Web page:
Tender documents were issued today for a contract with an estimated value of £16 million.
The Kincardine Bridge is made up of multiple connected spans, including a piled viaduct at the southern end, which was assessed by civil engineers in 1984 as substandard in design.
Since then, the viaduct has been closely monitored, and a steel propping system was installed in 1992 to provide interim structural support.
A tender competition is now under way to appoint a contractor to demolish the southern piled viaduct and replace it with a completely new reinforced concrete structure.
Construction is expected to take between 18 months and two years, following the conclusion of the tender process later this year.
Disruption to road users will be minimised during the project by diverting traffic along a temporary two-lane bridge, to be constructed alongside the old viaduct. This temporary bridge will also provide access for pedestrians.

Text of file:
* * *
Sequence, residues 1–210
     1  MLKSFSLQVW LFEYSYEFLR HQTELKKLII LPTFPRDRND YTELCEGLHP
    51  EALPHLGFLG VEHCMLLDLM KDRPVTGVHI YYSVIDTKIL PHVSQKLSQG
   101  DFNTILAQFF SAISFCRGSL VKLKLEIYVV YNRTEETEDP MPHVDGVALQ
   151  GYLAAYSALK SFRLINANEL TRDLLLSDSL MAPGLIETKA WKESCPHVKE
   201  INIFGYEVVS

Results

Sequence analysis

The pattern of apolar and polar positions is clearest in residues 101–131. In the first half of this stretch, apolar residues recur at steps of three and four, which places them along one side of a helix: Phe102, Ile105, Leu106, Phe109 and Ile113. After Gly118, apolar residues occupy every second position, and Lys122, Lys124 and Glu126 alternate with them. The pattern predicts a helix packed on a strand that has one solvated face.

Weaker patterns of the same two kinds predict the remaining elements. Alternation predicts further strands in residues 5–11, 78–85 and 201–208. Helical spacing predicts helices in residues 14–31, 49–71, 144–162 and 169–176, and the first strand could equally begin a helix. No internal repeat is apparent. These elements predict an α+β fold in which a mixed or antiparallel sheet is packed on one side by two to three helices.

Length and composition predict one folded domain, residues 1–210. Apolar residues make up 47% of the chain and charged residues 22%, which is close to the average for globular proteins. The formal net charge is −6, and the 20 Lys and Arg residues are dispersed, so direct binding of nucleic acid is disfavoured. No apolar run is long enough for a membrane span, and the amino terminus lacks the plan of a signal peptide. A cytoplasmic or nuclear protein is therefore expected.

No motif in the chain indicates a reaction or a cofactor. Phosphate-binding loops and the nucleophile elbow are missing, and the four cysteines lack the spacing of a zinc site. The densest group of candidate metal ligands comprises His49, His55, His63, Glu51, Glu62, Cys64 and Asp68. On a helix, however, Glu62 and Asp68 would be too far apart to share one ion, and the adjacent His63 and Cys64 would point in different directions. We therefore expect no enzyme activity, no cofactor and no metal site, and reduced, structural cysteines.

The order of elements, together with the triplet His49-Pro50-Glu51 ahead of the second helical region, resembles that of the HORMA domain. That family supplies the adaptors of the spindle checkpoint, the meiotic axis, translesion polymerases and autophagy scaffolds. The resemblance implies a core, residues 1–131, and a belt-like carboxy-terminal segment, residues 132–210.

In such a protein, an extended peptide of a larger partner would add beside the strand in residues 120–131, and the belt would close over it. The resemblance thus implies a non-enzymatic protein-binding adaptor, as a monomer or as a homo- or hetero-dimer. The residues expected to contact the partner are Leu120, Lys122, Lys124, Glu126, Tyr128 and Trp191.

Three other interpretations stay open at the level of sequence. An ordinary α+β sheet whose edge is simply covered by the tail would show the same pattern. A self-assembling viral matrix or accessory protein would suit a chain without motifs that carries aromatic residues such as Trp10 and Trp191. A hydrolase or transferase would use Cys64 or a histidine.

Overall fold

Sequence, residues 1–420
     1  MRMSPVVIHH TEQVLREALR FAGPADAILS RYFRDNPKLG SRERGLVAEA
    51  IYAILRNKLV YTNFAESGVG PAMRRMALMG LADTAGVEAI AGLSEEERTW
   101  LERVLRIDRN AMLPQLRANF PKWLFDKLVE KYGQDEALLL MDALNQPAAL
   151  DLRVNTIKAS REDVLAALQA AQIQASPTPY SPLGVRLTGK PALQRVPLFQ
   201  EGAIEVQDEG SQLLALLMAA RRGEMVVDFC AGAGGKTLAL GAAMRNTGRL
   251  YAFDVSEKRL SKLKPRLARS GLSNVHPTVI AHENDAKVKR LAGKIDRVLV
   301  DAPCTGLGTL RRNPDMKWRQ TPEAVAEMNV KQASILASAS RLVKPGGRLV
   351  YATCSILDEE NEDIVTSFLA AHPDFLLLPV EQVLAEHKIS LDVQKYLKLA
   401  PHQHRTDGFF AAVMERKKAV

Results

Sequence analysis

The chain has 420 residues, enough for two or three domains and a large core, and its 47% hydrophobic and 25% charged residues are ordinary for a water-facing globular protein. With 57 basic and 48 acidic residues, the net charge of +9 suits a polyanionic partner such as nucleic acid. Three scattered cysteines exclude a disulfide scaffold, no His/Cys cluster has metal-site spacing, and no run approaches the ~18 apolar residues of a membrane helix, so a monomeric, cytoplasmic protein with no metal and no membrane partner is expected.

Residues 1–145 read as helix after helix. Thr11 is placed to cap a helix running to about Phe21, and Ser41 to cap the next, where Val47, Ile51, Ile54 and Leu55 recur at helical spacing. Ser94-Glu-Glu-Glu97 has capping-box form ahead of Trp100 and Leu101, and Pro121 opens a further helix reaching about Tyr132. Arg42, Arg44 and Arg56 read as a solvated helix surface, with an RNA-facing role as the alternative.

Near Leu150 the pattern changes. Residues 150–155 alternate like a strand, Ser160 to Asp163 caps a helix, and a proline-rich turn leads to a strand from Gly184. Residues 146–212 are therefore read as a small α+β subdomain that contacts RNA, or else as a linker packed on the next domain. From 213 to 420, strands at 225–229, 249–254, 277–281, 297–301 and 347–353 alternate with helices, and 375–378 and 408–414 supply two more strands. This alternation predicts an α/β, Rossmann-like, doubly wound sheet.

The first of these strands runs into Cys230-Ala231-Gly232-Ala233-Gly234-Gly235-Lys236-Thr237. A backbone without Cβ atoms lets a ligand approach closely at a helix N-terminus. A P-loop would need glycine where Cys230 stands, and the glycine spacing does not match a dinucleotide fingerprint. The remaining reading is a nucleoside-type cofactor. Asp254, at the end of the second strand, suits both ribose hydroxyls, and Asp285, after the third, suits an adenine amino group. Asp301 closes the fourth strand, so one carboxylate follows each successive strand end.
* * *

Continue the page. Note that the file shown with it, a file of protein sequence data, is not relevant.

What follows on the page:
Short-term lane closures and full bridge closures will still be required for specific construction activities, however these will be limited and timed to minimise disruption.
Chris Tracey, BEAR Scotland’s south east unit bridges manager, said: “The replacement of the southern piled viaduct will help to ensure the Kincardine Bridge’s long-term availability for service as a key trunk route.
“Our priorities for the project are to maintain the structural integrity of the bridge, to ensure the new viaduct is in keeping with the rest of the structure, to keep the trunk road open during construction, and to mitigate the impact on the surrounding environment.
“Traffic modelling suggests that by maintaining two-way traffic during construction, no significant delays will occur at peak times under normal circumstances, although some lane closures and limited full closures will be required.
“The detail of the programme will be confirmed later this year after the contractor is appointed.”
Mr Tracey added: “We are committed to keeping road users and local communities fully informed as the project progresses.”
The bridge was constructed between 1932 and 1936.
It was completed nearly 30 years before the Forth Road Bridge.